24 April 2008

Product Review: Bella's Cookies

Don't they look just like homemade cookies? A far cry from your typical store-bought cookie, that's for sure. Better yet, Bella's Cookies are made with agave nectar instead of cane sugar. And they're fresh, fresh, fresh. They're so fresh in fact, that John needed to keep these Oatmeal Raisin cookies in the fridge for me while I was out of town for a few days.

When I opened the box, I pulled out the little bag containing three Oatmeal Raisin cookies. The directions said to let the cookies come to room temperature before eating, so I did (later, I found that I preferred them cold) before digging in.

While I waited, I read the ingredients and nutritional facts included in the box. While Bella's don't contain hydrogenated fats or trans fats, they still contain a LOT of saturated fat per cookie (4 g of sat fat for 7 g of total fat in the Oatmeal Raisin variety). On the other hand, it comes directly from the butter and eggs used to make the cookies -- just like homemade. It's just something to keep in mind if you're watching your fat intake or cholesterol (unfortunately, I now fall into that group -- yes, my vegan friends are now laughing at me for using all that butter).

The cookies made me think longingly of of some I made nearly a year ago. While I give great kudos to Bella's for using agave nectar in their products and for using simple, pure ingredients, these weren't my favorite cookies. I had high hopes for them since they looked just like homemade and smelled like Oatmeal Raisin cookies.

However, in comparison to my cookies, Bella's were just too sweet for me (and I like sweets!) and bland -- as if the ones they sent me had been part of the mix that missed out on the spices. Also, my homemade cookies taste buttery rather than fatty. I'm not sure how to explain it except that in Bella's, I could feel the butter in the texture rather than tasting it in a pleasing way.

The cookies might be good for kids, who seem to be a bit sensitive to spices and not as finicky about flavor or texture. And, please, just as I don't take the word of reviewers as gospel, go try these for yourself before making up your mind. Bella's offers plenty of other flavors of their cookies that might just be wonderful.

If you've tried Bella's and think I'm way off base, please let me know. Or, if you agree, please leave a comment. Otherwise, have you ever been disappointed by a cookie you thought would be great?

20 April 2008

Happy First Birthday to Altered Plates!

Happy Birthday to Altered Plates! One year ago today, I posted my first entry on this blog -- the one I created as an alternative to my Here and There blog so I could have a place to focus on baking and cooking with agave nectar instead of sugar.

It's hard to believe that just one year ago, I embarked on a journey to chronicle the alterations required to change some of my favorite recipes into glycemic-friendly versions. Time flies when you're in the kitchen!

This year, I plan a few more product reviews, more heart-healthy recipes, and generally a lot more fun. And, yes, I promise, more cooking videos because you love them so. I'm working on losing a bit more weight (and bringing my cholesterol down a bit as well) so you might just see me on camera this year for a change.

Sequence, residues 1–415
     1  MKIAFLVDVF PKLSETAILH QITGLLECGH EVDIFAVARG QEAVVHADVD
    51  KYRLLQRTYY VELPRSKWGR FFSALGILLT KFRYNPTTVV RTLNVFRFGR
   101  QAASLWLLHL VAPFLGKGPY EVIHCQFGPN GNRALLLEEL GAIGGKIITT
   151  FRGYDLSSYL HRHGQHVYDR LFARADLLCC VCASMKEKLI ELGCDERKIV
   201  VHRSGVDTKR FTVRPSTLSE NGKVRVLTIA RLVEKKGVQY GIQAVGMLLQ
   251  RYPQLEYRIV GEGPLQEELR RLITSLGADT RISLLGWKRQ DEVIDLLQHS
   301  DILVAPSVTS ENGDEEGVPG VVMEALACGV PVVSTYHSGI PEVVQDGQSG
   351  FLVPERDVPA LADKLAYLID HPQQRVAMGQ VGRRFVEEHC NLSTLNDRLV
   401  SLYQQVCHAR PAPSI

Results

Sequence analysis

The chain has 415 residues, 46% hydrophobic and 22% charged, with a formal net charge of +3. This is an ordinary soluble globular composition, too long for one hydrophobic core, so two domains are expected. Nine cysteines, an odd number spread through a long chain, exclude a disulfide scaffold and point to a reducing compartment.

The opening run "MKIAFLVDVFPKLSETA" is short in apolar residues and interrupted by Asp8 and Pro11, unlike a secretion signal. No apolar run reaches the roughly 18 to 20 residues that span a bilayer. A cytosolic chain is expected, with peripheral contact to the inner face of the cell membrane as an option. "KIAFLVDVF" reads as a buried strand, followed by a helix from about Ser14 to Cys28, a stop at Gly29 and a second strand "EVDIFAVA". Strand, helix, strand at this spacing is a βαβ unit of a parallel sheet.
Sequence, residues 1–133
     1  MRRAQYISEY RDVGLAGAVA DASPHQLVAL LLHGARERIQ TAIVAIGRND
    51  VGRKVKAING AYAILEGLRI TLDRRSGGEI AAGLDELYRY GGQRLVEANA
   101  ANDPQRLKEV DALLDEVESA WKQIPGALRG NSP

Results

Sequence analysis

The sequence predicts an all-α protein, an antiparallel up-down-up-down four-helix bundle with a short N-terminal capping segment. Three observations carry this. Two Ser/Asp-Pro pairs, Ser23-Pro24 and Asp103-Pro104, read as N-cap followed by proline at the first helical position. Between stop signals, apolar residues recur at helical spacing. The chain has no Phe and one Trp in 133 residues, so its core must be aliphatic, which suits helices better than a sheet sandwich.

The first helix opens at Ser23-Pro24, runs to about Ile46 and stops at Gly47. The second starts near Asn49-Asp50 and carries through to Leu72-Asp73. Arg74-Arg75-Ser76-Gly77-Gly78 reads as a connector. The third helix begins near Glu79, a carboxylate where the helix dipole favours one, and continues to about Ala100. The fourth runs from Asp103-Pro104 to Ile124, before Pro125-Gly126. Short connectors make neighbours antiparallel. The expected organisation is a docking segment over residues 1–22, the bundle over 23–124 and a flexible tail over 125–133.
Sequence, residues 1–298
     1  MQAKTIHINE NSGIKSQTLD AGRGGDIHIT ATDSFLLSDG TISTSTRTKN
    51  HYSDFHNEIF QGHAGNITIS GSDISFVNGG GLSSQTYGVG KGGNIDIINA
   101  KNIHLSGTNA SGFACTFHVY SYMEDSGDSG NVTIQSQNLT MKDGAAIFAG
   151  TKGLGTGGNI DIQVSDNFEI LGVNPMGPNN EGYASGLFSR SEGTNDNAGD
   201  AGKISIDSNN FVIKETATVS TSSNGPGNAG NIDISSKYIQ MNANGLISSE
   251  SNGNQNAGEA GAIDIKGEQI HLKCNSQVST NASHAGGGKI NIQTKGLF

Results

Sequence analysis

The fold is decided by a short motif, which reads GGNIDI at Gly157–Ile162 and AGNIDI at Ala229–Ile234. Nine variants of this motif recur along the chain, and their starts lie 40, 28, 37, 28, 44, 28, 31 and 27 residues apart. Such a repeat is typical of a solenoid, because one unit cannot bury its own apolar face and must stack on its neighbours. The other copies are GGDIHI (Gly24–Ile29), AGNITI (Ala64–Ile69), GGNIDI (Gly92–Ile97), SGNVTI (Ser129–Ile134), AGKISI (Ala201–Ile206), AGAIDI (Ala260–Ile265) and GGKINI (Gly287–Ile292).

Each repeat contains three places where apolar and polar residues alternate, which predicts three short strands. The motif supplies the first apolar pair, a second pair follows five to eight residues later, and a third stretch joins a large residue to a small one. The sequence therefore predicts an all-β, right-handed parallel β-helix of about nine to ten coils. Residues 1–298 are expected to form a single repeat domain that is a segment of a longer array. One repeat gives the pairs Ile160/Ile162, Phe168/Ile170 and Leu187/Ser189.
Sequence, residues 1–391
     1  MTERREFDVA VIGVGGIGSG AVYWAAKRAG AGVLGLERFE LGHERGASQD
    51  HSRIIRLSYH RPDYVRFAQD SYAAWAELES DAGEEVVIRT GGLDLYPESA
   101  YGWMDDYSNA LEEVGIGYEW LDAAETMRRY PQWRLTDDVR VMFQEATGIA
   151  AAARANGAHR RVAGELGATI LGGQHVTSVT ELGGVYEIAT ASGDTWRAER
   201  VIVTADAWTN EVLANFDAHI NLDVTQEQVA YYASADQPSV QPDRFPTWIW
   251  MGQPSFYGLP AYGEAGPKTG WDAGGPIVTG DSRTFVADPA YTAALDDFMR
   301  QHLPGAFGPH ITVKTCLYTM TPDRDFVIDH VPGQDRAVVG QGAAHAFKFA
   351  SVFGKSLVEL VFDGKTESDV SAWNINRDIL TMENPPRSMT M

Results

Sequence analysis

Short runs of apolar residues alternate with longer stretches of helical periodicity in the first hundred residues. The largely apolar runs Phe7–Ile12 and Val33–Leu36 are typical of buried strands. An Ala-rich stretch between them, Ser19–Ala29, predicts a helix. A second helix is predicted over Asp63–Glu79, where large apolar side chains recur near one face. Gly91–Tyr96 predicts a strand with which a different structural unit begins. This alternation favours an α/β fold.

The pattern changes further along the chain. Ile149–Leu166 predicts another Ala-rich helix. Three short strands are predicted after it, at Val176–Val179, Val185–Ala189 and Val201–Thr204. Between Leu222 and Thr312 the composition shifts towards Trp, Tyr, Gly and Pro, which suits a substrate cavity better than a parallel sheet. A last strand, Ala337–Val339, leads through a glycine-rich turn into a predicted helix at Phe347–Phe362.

Thanks so much for visiting and commenting. More than anything else, thanks to the regular readers who are more than just readers and commentators. You're friends. Thanks especially to the vegans who continue to inspire me to improve my health and the way I live each day. You DO make a difference!

Happy Passover!

Yes, once again, it's time to remake Martha's macaroons. Since it's such a simple recipe, I started off with a plain version (well, not so plain, as I'll explain below) for 1/3 of the recipe, then I added chopped, unsweetened carob chips after I'd scooped out a pan and one half, and finally, I added 1/4 cup of carob powder to the remaining mixture. The resulting macaroons were moist, with a very special flavor, thanks to Fiore di Sicilia.

I tripled the recipe, but my substitutions below apply directly to the original measurements for your ease of use:

1. 2/3 cup of agave for the 3/4 cup of sugar
2. Organic lite unsweetened shredded coconut for the regular kind (it's much more finely shredded, too!)
3. Chopped, unsweetened carob chips for the chocolate
4. 1/4 teaspoon Fiori di Sicilia for the vanilla
5. I used a teaspoon-sized cookie scoop instead of 1 1/2 teaspoons of the mixture to make my macaroons. This way, they're truly bite sized.

The Fiori di Sicilia did magic things to the macaroons. It made the carob ones taste just like dark chocolate! It also gave the non-carob chip/powder variety a lovely orange flavor that you just can't get from orange zest.

These moist little clumps of coconut went over well at Passover last night. And, I'm bringing more to a party this afternoon. Tripling the recipe allows you about three days' worth of desserts to bring with you to seders. Best of all, this recipe is really a no-brainer and takes only the time to mix, bake, and cool. It's definitely one of my go-to Altered Plates.

Special tip: What the recipe doesn't tell you is that you should let the macaroons cool a bit on the baking sheet parchment paper prior to moving them to cooling racks. This way, you'll have less of a chance of crumpling the little guys.

For those celebrating, I wish you a meaningful and happy Passover!

08 April 2008

My Pottery Is Being Shown On Shelterrific

Well, not mine in the sense that I threw it, but mine in the sense that I collect it. Polish pottery, that is.

This isn't the first time one of my blogs (or both in this case) has been spotlighted on Shelterrific. They really liked my pies.

If you haven't visited Shelterrific before, you should definitely give it a look. The site features all kinds of neat home design stuff as well as a few good recipes. My specific mention is here.